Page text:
World Contraception Day is celebrated annually on 26th September. The annual worldwide campaign centers around a vision where every pregnancy is wanted.
Launched in 2007, World Contraception Day mission is to improve awareness of contraception and to enable young people to make informed choices on their Sexual and Reproductive Health.
Family Planning Commodities: Are We There Yet?
Although there are various contraceptive methods available in Kenya, the Kenya National Commission on Human Rights (KNCHR) report on public inquiry into violations of Sexual and Reproductive Health shows that Kenyans who desire to plan their families still do not have access to family planning services due to unavailability of essential sexual and reproductive health services and difficulties in accessing these services owing to distance or cost.
According to the Health Action International led research on the availability, affordability and stock-outs of Sexual and Reproductive Health Commodities done in 10 counties in Kenya conducted between 2017-2019, the findings show a general improvement in the availability of contraceptives over the years except for ethinylestradiol and norethisterone (Norimin), a birth control pill which remained around 5% availability each year.
For instance, the availability of male condoms (84%) were higher than the female condoms (56%) in the public sector in 2019. The diaphragm was rarely available; only in 4% mission health facilities and unavailable in both the private and public health facilities.
Moreover, the diaphragms were only available in Kisumu County at 6% among the ten counties that were researched. The availability of the Emergency Contraceptive Pill was 47% in the public sector compared to 71% in the private sector.
The total average availability of contraceptives per county was low, ranging from 43% in Kakamega, Kisumu, Meru and Kwale counties, 41% in Narok and Nakuru Counties, 38% in Mombasa County, 35% in Nairobi County, 31% in Isiolo County and 30% in Makueni County. These findings confirm that availability of contraceptives was below average in the country.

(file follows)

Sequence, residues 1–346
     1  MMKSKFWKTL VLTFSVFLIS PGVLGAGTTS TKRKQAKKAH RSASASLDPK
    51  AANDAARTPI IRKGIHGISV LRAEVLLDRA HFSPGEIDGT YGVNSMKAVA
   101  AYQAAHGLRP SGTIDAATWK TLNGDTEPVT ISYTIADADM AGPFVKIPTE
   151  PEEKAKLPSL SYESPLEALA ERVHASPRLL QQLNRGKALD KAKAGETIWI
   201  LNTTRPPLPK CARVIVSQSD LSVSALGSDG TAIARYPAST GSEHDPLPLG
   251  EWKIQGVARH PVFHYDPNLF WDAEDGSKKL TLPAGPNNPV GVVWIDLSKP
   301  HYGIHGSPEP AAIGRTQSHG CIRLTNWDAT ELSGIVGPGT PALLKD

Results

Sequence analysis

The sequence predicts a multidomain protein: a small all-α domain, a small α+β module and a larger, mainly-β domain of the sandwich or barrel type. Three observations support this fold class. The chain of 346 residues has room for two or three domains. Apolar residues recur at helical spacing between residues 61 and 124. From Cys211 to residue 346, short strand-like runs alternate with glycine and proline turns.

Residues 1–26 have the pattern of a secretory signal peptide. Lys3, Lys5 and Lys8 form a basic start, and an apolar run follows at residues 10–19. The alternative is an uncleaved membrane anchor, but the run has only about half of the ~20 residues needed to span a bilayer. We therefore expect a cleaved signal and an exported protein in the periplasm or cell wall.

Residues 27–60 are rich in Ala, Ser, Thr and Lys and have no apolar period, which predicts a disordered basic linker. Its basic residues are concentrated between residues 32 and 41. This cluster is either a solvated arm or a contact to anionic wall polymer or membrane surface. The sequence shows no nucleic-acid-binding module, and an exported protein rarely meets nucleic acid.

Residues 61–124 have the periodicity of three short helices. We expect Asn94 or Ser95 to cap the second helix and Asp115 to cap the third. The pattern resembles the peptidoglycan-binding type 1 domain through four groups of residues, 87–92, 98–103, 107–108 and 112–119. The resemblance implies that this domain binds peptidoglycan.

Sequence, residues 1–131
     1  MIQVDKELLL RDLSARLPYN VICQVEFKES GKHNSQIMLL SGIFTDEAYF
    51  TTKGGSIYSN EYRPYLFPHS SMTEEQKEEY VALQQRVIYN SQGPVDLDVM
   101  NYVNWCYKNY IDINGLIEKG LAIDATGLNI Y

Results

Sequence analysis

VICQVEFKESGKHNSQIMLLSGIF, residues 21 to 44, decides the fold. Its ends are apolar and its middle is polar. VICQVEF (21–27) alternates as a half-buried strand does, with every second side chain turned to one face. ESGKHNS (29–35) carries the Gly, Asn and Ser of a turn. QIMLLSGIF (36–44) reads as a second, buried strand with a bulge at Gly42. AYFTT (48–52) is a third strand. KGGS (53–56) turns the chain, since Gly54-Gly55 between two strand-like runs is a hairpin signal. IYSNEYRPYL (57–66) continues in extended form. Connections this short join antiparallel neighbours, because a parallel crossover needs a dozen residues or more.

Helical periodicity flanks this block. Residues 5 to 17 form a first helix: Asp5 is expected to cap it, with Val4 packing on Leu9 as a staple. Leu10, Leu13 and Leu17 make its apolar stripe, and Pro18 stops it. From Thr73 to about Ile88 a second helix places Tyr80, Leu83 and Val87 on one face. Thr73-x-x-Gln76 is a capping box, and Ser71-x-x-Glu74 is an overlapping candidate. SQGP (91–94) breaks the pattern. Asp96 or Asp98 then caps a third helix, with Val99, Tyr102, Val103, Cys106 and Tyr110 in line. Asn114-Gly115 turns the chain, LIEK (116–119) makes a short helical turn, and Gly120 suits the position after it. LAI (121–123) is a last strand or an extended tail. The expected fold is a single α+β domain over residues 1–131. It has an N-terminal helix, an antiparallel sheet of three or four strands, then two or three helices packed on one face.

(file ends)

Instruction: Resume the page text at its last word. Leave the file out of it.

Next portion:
Statistics by the Guttmacher Institute shows that 63% of pregnancies among adolescents in Kenya are unintended. Studies have shown that early and unintended pregnancies among the adolescents lead to unsafe abortions and miscarriages, school dropouts and increased risk of birth related complications.
The Guttmacher institute shows that satisfying the unmet need for modern contraceptives among adolescent women in Kenya would result in a 73 %drop in unintended pregnancies as they account for an estimated 86% of all unintended pregnancies in the country.
The Kenya National Family Planning Costed Implementation Program (FP-CIP) 2017-2020, details the country’s plans to achieve the family planning vision and goals to improve the health and wellbeing of its population through providing high quality, right-based family planning information and services.
To address the existing challenges and opportunities for scaling up right-based family planning in the country, the FP-CIP 2017-20 focuses on six thematic areas. These include; family planning commodity security, family planning financing and sustainability, information management, stewardship, governance and partnerships, demand creation and service delivery.